If you are looking for safe, consistent returns, you may want to dump Joe for Jane. A new report found that female alternative investment managers appear to do a better job delivering more compelling long-term results than their male counterparts, at least during periods when the economy is struggling.
The report, compiled by New Jersey accounting firm Rothstein Kass, found that women-owned alternative investment funds – hedge funds, private equity and venture capital etc. – delivered a 3.6% compound annual return during the five years ending in Sept. 2012, according to U.S. News & World Report. The all-inclusive HFRX Global Hedge Fund Index, meanwhile, booked a 3% loss during the same period.
The difference in outcomes is heavily correlated with the manner in which most female fund managers operate. Unlike their male counterparts, female managers tend to have less turnover in their portfolios, choosing safer long-term buys over volatile pumping and dumping. As you’d imagine, this style of investing tends to do well during tumultuous times.
"Women take lower risks because they do more research and are more comfortable holding their securities longer," Rothstein director Meredith Jones told U.S. News & World Report. Men, it seems, have an itchy trigger finger. Funny that just 3% of alternative investment funds are managed by women.
Like banks and other financial firms, consultancies will slip in behavioral questions, brain teasers and short analytical inquiries during interviews. Here’s is a list of the type of questions consulting firms ask entry-level and experienced candidates.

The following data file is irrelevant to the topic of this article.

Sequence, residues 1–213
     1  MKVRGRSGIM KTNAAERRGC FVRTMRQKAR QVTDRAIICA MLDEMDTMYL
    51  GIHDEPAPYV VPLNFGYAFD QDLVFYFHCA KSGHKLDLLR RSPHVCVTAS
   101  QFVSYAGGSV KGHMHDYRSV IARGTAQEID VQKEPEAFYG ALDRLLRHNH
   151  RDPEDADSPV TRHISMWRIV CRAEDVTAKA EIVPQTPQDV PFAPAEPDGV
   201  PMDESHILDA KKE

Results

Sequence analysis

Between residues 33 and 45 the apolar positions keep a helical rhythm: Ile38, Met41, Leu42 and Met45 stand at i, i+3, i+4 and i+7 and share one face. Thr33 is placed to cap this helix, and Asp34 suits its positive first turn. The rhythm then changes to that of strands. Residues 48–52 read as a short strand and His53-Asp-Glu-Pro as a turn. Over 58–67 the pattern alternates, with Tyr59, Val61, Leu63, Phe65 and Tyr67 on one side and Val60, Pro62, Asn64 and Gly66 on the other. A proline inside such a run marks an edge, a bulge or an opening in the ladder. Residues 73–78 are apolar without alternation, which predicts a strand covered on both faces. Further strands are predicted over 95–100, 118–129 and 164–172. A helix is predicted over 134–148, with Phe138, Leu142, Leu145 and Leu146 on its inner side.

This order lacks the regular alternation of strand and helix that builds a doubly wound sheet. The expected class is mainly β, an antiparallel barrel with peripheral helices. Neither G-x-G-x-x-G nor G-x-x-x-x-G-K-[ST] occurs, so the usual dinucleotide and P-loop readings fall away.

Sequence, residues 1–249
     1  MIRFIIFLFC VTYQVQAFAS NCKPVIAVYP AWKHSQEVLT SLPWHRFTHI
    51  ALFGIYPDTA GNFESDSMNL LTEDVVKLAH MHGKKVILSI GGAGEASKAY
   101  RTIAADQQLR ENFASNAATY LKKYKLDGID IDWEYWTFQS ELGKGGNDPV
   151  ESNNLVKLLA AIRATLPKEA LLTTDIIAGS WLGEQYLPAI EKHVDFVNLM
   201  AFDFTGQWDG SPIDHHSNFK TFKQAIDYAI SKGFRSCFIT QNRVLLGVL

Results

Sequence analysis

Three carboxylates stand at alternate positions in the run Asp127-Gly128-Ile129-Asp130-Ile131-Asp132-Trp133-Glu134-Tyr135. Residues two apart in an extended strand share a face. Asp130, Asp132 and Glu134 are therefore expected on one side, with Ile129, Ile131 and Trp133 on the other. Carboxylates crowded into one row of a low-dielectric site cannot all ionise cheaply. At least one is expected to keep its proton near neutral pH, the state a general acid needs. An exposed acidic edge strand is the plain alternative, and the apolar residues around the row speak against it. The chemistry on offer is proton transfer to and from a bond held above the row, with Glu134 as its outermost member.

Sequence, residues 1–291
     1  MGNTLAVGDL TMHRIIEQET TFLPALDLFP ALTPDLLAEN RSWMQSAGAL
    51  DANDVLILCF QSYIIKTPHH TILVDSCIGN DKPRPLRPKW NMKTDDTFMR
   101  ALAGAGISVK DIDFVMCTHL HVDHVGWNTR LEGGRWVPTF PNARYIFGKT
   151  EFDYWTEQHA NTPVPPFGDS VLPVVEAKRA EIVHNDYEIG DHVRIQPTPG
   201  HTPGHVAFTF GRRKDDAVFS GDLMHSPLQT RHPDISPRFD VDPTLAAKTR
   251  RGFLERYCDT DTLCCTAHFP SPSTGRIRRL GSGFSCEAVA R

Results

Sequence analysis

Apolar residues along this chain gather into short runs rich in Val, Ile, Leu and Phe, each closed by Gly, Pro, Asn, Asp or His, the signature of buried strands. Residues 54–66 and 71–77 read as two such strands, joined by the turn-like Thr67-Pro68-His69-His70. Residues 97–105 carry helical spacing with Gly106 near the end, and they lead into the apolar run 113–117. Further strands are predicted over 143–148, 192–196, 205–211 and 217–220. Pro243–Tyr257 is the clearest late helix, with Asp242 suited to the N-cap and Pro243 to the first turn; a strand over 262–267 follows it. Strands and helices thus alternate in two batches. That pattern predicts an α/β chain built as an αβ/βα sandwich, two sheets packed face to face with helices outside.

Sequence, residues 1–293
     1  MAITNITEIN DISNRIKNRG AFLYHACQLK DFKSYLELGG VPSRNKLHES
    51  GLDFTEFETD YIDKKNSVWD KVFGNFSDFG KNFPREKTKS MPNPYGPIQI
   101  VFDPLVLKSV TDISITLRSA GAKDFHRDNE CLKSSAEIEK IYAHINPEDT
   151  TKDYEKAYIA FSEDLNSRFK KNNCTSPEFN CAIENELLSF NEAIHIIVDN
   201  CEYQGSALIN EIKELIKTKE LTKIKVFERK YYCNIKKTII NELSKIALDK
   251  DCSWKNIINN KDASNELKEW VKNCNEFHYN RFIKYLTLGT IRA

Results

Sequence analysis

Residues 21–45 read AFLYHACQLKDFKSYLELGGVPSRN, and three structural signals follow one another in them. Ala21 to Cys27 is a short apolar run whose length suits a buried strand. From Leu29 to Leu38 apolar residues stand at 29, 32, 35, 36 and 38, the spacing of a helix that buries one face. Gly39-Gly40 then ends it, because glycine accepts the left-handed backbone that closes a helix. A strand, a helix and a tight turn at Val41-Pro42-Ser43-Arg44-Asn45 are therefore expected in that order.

After weeks of speculation, J.P. Morgan has reached a $13 billion settlement with regulators, bringing an end to a number of pre-crisis investigations and lawsuits. Cue the patented “Jamie Dimon is still great” recording from J.P. Morgan’s board of directors.
We asked four different financial services headhunters what their issues are now. Speaking off the record, this is what they told us.
SEC staffer Steven Gilchrist was arrested on Tuesday following an investigation into the personal financial holdings of agency employees. The 48-year-old compliance examiner lied to investigators about owning shares of six companies that staffers are barred from holding.
As part of their investigation into the alleged manipulation of foreign-exchange markets, Barclays and other banks are looking into whether their salespeople committed any misdeeds. Barclays is one of several banks to have already suspended exchange traders for their involvement. Now, sales staffers have become a target.
Prudential Financial has hired Goldman Sachs exec Robert Cignarella as its new co-head of global leveraged finance. Prudential is looking to make a bigger push with its asset management arm.
Chicago-based quant hedge fund SBB Research Group is on the lookout for engineers. The only thing is you’ll need to be comfortable working for a 24-year-old CEO. He looks 20, tops.
Buzz Around the Office
The latest must-own fashion item has arrived just in time for the holidays. It’s called the Twinsie. If you are looking to hate yourself and resent your partner, order now!
Quote of the Day: “Find a job that you like. You’ll be better at it and you’ll last longer in it. Having said that, in a tough economy, or because of family pressures, you may not always be able to take a risk with a job choice. And, no doubt, we’ve all settled at various times. But, don’t let necessity in a given moment become the excuse for a lifetime of inertia.” – Lloyd Blankfein